blog home Theft Crimes Penalties for Credit Card Fraud in Colorado

Penalties for Credit Card Fraud in Colorado

By Timothy Bussey on June 21, 2016

Being involved in credit card fraud is never something a person wants to go through. It not only can ruin a person’s credit but also lead to serious financial consequences. In general, credit card fraud includes illegally obtaining someone else’s information, using one’s own card knowing that it is either revoked or lacks the necessary amount of money to cover the charges made on it, or knowingly using an illegally obtained card without authorization to sell something to someone else. Because credit card fraud involves using another person’s information to commit a crime, it is considered a form of identity theft.

Colorado is one such state that includes credit card fraud within its identity theft statutes. Under Colorado law, credit fraud involves being in possession of a financial device for criminal purposes. Financial devices are considered items such as credit cards, debit cards, checks, or money orders that a criminal can use to either acquire cash from the person’s account or make illegal purchases using that person’s name and credit. If you have working knowledge that the financial device you are in possession of is possibly stolen or not under your authorization to use, then you are at risk of being charged with credit card fraud. For example, if someone finds a lost credit card and uses it to make unauthorized transactions, they are guilty of credit card fraud.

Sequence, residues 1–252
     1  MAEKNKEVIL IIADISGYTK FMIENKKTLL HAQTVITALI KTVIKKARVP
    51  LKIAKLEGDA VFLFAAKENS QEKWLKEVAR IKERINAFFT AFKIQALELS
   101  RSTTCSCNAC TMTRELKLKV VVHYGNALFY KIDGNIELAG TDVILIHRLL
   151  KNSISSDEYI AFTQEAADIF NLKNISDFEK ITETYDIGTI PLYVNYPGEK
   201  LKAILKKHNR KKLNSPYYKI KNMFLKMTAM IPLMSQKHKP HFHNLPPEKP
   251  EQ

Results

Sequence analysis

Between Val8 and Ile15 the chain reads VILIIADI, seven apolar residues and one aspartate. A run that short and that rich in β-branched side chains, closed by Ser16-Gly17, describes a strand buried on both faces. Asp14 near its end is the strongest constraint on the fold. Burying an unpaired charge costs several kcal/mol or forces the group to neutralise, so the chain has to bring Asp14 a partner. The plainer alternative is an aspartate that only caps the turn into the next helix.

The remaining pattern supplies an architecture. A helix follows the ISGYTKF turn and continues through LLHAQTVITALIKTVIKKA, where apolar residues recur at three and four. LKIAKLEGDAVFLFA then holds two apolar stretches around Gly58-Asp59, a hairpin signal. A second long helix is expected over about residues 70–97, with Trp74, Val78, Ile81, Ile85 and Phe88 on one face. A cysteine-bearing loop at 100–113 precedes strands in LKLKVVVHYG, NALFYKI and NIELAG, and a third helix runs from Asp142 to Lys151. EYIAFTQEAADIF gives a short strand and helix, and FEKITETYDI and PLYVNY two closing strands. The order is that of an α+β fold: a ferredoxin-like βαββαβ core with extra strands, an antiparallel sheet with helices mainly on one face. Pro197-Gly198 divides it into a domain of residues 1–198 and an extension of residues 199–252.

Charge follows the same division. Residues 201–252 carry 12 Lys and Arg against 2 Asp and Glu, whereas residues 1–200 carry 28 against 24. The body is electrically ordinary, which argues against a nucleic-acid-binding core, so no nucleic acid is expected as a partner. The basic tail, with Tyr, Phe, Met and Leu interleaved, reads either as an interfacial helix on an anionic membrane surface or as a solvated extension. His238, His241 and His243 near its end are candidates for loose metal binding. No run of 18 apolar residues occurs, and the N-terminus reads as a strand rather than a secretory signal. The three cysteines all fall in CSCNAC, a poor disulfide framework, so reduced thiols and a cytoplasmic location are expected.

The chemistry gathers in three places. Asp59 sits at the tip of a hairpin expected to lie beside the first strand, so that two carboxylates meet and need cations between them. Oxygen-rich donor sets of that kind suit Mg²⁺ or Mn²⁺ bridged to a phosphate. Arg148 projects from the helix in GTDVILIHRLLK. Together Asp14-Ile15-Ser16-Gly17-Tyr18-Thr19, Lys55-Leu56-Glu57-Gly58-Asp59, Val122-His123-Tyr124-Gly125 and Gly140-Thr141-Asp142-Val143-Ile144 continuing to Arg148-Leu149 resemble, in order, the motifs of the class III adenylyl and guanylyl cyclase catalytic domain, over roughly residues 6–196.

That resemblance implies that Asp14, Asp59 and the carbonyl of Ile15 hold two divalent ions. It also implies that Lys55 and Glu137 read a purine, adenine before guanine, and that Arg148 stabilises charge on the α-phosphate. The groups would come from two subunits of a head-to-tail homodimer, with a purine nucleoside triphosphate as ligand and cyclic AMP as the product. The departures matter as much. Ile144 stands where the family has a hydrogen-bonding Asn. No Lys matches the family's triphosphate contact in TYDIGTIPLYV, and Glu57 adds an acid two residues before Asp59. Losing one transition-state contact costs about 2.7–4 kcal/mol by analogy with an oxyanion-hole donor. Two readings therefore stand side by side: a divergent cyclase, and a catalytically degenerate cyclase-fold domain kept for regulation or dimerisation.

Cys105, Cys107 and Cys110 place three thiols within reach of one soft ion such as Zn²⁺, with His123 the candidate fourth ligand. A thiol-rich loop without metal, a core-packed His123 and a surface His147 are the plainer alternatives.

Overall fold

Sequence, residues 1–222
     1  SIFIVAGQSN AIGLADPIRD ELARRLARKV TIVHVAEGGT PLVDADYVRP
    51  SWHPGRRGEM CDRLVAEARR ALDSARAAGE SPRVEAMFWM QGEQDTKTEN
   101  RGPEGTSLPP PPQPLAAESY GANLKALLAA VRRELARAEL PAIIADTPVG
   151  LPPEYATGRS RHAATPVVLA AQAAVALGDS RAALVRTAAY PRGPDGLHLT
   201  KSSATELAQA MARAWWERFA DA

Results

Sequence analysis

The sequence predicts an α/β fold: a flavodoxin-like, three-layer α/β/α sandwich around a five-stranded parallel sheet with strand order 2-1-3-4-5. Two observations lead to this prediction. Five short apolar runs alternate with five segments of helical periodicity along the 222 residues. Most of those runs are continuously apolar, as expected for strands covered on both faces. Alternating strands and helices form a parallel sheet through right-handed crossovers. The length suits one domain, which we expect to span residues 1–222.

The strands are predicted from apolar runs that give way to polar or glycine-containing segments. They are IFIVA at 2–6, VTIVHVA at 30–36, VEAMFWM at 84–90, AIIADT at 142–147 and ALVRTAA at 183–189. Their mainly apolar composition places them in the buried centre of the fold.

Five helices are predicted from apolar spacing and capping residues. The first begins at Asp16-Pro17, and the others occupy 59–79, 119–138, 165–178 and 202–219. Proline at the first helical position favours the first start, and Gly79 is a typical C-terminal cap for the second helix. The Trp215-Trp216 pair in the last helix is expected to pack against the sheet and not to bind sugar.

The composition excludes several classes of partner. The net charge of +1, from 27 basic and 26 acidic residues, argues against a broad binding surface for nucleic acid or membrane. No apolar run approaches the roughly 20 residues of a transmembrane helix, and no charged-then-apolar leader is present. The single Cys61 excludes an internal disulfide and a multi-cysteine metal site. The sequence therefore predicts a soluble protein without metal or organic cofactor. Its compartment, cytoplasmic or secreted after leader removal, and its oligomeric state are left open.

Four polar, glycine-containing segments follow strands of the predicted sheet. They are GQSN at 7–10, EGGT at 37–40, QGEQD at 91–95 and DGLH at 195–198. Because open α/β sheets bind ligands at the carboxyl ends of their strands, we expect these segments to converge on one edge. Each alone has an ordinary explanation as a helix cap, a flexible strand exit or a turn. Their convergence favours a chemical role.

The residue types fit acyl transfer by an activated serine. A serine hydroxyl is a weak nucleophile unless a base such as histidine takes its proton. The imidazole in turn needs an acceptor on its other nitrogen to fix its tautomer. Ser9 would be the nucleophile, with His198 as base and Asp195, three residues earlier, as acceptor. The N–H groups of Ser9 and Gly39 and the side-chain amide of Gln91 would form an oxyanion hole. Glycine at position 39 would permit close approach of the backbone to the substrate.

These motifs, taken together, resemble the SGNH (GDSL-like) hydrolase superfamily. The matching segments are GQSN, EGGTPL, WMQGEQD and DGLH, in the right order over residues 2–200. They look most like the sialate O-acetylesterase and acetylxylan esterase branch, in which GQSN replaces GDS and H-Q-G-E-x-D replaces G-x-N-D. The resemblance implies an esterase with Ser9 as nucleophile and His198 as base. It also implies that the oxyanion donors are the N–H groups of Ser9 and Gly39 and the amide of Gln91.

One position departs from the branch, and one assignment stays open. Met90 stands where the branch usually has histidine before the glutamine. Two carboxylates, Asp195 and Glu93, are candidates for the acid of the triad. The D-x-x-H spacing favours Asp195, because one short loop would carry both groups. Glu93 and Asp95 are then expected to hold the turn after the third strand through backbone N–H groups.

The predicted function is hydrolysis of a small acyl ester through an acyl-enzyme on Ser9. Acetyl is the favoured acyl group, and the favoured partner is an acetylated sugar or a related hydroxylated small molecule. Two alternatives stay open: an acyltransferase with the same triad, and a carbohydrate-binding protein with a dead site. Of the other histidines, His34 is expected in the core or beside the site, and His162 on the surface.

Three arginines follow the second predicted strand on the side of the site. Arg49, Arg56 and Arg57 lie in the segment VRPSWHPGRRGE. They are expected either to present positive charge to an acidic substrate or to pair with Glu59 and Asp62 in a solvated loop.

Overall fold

Colorado’s criminal code 18-5-903 outlines the different categories for illegally having a financial device:

“(a) criminal possession of one financial device is a class 1 misdemeanor, (b) criminal possession of two or more financial devices is a class 6 felony, and (c) criminal possession of four or more financial devices, of which at least two are issued to different account holders, is a class 5 felony.”

If you are found guilty of being in possession of these financial devices for unlawful purposes, you could be facing anywhere from six months to three years in prison and a fine of $5,000 to $100,000, along with the possible restitution fees owed to the victim.

Because of the complex nature of credit card fraud charges and the seriousness of the penalties that accompany them, it is important to have legal counsel there to help you. The Bussey Law Firm, P.C. is ready to assist you during these times, so give us a call today and find out what we can do to make sure you are receiving the proper defense you deserve. Contact The Bussey Law Firm, P.C. today at (719) 475-2555.

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